As in this quote, Perlman can border on the didactic and overstated throughout the book. But, as I found in The Paris Architect, a lot of Holocaust fiction can be pretty didactic and overstated. In general, Perlman is less so and more artful than most, and I thought that his stark messaging was well placed.
I initially thought that a major theme of the book would be the ties between the experience of blacks in America and the Holocaust. This wasn’t a theme I was enthused to explore, as I think it is highly problematic for a number of reasons. I think drawing parallels can invite a macabre competition of suffering, and this competition has been used to destructive ends in the recently strained relationships between blacks and Jews in some parts of America.* While comparison of the Holocaust to other horrific events in history can be instructive, too often it is done in the spirit of “universalizing” the Holocaust – which one could argue negates one of the basic uncomfortable truths of the Holocaust, which was that the Jews were singled out.
But I’m not entirely sure of Perlman’s goal with the two main storylines of the black janitor and the Holocaust survivor. At times he seems to be making the point that American racial attitudes have a long way to go, almost making his characters into caricatures of righteous indignation. William McCray, an older black retired lawyer who is a mentor to Adam, at one point takes off about the current Supreme Court:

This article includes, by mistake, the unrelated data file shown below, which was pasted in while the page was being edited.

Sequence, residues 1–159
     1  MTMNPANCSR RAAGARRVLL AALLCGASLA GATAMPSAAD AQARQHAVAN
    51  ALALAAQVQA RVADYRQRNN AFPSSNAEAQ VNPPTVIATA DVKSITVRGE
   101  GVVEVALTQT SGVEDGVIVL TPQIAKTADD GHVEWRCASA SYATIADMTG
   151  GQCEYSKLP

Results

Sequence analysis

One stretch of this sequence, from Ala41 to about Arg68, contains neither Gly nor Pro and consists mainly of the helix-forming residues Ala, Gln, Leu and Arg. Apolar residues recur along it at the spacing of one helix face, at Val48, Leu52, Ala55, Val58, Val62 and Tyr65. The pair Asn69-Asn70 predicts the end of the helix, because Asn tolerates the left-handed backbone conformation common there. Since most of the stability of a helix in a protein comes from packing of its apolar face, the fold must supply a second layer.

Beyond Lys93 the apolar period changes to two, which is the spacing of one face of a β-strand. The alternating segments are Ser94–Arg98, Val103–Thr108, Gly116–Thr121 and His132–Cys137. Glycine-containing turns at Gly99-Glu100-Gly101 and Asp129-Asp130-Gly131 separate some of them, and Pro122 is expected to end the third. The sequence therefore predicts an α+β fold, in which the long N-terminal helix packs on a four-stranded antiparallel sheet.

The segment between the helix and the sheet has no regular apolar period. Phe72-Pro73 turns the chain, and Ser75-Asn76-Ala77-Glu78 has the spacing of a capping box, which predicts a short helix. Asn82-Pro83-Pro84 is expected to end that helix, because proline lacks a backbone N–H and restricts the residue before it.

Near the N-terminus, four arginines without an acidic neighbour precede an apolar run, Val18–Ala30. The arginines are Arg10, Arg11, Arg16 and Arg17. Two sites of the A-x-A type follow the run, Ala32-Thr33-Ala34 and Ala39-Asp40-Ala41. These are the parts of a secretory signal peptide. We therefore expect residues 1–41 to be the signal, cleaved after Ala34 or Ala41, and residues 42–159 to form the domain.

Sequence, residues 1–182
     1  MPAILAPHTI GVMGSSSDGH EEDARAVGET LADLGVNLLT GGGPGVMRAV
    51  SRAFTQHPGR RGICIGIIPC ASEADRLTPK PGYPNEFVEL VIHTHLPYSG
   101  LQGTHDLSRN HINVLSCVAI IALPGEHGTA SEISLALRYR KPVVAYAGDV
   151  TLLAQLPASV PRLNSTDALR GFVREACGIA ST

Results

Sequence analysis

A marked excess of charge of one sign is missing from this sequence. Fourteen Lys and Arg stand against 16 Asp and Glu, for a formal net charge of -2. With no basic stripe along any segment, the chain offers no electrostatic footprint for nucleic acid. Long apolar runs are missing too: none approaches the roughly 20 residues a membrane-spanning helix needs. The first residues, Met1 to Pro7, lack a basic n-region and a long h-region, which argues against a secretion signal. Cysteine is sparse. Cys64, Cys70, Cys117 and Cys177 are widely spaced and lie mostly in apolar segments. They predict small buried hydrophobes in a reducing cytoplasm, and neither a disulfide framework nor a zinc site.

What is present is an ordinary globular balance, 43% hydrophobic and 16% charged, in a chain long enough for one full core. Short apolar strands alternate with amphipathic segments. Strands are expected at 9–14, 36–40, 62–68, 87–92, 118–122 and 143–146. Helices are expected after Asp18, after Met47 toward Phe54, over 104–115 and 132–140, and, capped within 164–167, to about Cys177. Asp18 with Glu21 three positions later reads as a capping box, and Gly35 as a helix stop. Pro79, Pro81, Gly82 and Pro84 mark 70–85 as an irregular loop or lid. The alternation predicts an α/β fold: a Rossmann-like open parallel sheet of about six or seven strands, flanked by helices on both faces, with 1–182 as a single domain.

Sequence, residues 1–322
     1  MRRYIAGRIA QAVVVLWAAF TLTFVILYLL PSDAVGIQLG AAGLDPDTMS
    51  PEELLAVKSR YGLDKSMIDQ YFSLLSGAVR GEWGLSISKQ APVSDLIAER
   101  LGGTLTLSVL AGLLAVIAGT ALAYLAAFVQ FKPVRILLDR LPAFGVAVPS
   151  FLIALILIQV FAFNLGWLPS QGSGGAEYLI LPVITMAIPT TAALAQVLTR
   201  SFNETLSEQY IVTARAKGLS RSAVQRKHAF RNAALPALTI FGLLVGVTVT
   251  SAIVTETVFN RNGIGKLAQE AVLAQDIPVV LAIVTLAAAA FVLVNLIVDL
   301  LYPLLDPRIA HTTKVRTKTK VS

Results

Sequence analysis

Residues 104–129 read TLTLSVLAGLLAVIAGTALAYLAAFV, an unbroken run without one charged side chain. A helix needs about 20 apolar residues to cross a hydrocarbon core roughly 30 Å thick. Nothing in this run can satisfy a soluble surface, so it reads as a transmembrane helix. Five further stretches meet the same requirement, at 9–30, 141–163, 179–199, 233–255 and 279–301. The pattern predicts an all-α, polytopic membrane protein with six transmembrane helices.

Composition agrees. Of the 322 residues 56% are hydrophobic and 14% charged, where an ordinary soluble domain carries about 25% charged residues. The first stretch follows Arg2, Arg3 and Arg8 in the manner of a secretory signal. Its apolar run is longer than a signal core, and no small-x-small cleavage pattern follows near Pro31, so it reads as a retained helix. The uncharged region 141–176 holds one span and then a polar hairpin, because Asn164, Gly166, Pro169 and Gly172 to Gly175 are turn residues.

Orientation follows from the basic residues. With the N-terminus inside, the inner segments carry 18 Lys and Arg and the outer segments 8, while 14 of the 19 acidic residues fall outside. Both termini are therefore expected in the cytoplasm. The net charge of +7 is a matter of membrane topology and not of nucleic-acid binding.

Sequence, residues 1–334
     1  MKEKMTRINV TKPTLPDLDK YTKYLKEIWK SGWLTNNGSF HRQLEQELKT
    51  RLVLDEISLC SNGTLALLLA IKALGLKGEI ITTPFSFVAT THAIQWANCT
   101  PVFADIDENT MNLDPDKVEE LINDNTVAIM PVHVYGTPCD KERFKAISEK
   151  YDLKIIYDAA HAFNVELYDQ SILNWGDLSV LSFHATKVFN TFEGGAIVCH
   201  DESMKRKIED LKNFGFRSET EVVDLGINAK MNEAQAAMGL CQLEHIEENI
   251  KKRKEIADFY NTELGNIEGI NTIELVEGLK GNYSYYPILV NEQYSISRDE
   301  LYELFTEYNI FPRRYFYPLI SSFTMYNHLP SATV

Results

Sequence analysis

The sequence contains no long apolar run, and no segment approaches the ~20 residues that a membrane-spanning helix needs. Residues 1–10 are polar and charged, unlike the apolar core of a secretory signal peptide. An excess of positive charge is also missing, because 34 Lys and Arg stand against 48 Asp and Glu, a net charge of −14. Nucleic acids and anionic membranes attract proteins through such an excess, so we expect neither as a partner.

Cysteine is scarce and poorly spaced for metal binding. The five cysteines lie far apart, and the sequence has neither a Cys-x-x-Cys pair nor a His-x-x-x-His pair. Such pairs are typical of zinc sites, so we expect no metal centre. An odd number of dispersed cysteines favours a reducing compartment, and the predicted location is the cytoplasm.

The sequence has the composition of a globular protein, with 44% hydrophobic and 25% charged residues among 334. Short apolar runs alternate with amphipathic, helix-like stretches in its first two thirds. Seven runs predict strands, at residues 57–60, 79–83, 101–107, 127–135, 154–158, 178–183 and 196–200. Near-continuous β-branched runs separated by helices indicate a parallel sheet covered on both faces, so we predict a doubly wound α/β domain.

“I read the decision, I read about the decision, all from my own home…this radical right-wing shift in the balance of the court now makes it the very monster the conservatives elected Bush to create. Now they’ve got it and we’re going to pay; not just African Americans, the whole country. Scalia’s like a junkyard dog. He even attacks Roberts when the two are concurring…Poster boy for the Neo-cons, our Italian friend!….it’s not enough for Clarence Thomas to sell out his own people; he has to go so far as to put on record his character assassination of an honorable man who has the audacity to disagree with him…” The strength of McCray’s tantrum, which goes on for a few pages, actually made me wonder whether the Perlman was mocking his outrage or portraying it seriously.
Other characters offer a different line of thought. Michelle, a black social worker married to one of Adam’s colleagues, wonders